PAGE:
Pre shot routine

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The importance of a good pre shot routine


I’m sure most of you watched the masters this year and saw Jordan Spieth have a collapse on the famous par 3 12th, all but ending his chances of a second green jacket. We have all faced similar situations ourselves at some point in our golfing career- the difference between a top player like Jordan and a regular golfer is that Spieth will learn and be unlikely to repeat that mistake. This is simply because he knows the cause was not down to a swing fault that he has to go and work at for several hours, but purely down to getting out of his usual pre shot routine and having the wrong mental approach to the shot. Leading up to the meltdown, Jordan had just bogeyed the 10th and 11th holes, so felt like he needed to attack the flag on the 12th, which had it’s tricky Sunday front right pin position. If he had taken a step back and thought about the situation, he would have realised he still held the lead and didn’t need to be so aggressive.


This was mistake one and the start of his downfall.


The second mistake, and you can hear him discussing this with his caddy- Spieth was asking his caddy if the club they had selected was not going to go through the green. Long of the 12th isn’t a great spot to hit it, but short is even worse as it will more likely end up in the water, leaving you to have to play your 3rd shot back over the water again. Spieth should have been more concerned about going anywhere but short.


The final mistake he made was as he completed his pre shot routine and stepped in to hit the shot. Jordan had decided he was going to play a draw (his most comfortable shot), but as he stepped in he changed his mind and decided to try a gentle fade. This ultimately led to one out come and that was an uncommitted swing caused by indecision, poor thinking and routine. There is nothing wrong with changing your mind on the type of shot you want to hit, but you can’t do it as your stood over your ball. He should have stepped back off the shot and started his routine again.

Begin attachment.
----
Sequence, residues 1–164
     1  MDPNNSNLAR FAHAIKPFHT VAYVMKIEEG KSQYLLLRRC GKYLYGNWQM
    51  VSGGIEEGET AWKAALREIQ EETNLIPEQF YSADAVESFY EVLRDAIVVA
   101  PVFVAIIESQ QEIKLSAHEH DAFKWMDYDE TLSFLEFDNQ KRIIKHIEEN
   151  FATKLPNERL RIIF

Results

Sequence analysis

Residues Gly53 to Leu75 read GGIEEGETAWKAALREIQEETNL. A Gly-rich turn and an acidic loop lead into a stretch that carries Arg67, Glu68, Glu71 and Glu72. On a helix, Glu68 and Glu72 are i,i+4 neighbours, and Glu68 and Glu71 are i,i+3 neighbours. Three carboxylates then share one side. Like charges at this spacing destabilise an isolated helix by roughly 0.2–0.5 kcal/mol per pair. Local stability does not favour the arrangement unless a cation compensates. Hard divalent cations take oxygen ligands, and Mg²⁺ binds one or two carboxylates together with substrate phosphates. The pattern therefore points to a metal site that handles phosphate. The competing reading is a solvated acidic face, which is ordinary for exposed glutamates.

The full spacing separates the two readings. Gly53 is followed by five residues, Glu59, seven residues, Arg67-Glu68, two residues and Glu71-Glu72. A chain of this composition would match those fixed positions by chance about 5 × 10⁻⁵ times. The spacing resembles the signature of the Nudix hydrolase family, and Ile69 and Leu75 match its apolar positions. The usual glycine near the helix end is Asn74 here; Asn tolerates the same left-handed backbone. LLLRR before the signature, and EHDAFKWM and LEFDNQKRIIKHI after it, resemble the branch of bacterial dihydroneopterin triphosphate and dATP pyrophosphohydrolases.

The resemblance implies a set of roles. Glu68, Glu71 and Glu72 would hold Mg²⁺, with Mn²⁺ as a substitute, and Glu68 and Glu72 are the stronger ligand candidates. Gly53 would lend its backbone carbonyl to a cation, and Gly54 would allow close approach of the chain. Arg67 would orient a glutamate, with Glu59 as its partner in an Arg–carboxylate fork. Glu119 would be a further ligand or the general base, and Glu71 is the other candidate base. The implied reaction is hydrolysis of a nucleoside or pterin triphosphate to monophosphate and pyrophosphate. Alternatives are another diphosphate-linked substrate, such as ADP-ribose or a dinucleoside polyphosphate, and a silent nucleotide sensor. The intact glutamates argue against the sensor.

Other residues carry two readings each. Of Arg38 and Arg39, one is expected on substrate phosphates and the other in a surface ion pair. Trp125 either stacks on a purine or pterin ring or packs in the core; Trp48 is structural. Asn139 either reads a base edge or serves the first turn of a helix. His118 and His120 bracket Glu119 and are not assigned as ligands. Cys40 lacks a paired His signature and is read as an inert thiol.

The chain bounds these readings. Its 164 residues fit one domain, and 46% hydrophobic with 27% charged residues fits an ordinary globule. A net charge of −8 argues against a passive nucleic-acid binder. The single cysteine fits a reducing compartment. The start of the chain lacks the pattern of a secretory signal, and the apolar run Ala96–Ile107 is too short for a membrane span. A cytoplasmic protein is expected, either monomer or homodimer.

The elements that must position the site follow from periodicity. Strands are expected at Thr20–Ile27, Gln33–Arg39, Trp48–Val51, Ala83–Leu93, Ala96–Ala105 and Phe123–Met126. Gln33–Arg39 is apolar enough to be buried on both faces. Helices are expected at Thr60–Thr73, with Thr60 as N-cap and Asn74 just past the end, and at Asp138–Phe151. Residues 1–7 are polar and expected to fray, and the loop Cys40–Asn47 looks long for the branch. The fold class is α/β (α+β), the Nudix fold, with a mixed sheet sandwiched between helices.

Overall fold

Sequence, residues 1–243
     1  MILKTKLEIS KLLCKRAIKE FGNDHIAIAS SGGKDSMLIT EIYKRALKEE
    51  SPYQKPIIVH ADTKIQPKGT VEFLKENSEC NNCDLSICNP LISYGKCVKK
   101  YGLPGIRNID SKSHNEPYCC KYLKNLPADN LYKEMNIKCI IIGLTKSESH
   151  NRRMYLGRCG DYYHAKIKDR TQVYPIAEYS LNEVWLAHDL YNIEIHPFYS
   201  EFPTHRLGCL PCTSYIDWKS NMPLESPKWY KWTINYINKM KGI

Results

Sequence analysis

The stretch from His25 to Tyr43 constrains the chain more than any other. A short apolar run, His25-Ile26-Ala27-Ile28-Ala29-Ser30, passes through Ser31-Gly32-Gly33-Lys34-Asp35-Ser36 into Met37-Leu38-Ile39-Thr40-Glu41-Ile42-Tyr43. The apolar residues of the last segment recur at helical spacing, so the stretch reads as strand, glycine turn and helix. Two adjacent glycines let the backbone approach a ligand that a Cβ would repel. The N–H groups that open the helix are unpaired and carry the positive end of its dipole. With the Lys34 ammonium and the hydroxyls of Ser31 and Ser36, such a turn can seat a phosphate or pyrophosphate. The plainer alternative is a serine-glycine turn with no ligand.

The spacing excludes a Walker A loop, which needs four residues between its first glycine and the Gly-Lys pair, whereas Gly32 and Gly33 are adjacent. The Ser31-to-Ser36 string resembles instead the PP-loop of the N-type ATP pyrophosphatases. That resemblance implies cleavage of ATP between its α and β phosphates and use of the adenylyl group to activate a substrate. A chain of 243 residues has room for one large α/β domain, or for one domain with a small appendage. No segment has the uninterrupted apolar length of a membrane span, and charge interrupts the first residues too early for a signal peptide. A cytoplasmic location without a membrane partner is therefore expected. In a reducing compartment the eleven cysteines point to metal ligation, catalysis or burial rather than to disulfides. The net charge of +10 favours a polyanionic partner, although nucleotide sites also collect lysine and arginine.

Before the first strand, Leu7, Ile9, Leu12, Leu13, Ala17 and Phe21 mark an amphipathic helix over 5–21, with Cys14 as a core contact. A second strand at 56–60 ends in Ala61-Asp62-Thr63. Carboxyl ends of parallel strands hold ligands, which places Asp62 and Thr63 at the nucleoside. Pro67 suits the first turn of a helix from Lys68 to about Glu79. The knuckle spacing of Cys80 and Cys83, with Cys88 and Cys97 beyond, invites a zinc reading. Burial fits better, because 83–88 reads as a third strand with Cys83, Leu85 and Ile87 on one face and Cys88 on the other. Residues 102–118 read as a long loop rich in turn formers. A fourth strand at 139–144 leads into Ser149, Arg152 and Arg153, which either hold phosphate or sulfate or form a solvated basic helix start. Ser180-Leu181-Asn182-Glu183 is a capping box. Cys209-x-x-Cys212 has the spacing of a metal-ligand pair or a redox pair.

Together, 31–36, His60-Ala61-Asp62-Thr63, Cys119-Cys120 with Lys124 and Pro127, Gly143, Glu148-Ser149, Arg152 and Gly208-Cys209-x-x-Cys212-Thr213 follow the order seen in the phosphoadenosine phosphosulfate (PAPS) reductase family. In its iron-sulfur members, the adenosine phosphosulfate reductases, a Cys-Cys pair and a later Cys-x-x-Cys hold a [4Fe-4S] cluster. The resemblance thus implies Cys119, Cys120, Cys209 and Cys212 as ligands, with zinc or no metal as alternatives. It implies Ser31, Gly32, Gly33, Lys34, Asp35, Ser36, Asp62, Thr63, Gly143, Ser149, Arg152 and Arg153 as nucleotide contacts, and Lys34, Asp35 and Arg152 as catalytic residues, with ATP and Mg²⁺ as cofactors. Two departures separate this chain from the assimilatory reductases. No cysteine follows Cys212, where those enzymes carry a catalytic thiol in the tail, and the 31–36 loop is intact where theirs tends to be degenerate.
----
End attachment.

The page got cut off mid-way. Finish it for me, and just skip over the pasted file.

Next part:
As golfers, we always blame swing mechanics on our bad shots and fail to realise our mental approach and routine influence the shot. Pre shot routines don’t have to be long and slow, they just need to get you in the correct set up and thinking clearly what you are trying to do, to stop you applying the hit and hope method.

In the following video, I demonstrate my own pre shot routine and how doing something like this allows me to lessen the variables within a shot. I have practiced exactly the same setup for years and this also helps me to have the correct mental approach when preparing for each shot. Unlike most amateurs, the first thing a tour pro checks when they are a little off is their basics (alignment, ball position), which even after years of practicing always need attention. Get yourself into a disciplined pre shot routine and I guarantee you will shoot lower scores.


Did you find this blog helpful?  Start incorporating a solid routine into your practice and let us know how you get on, you can leave a comment below, join in the conversation over in our Facebook group or tweet us

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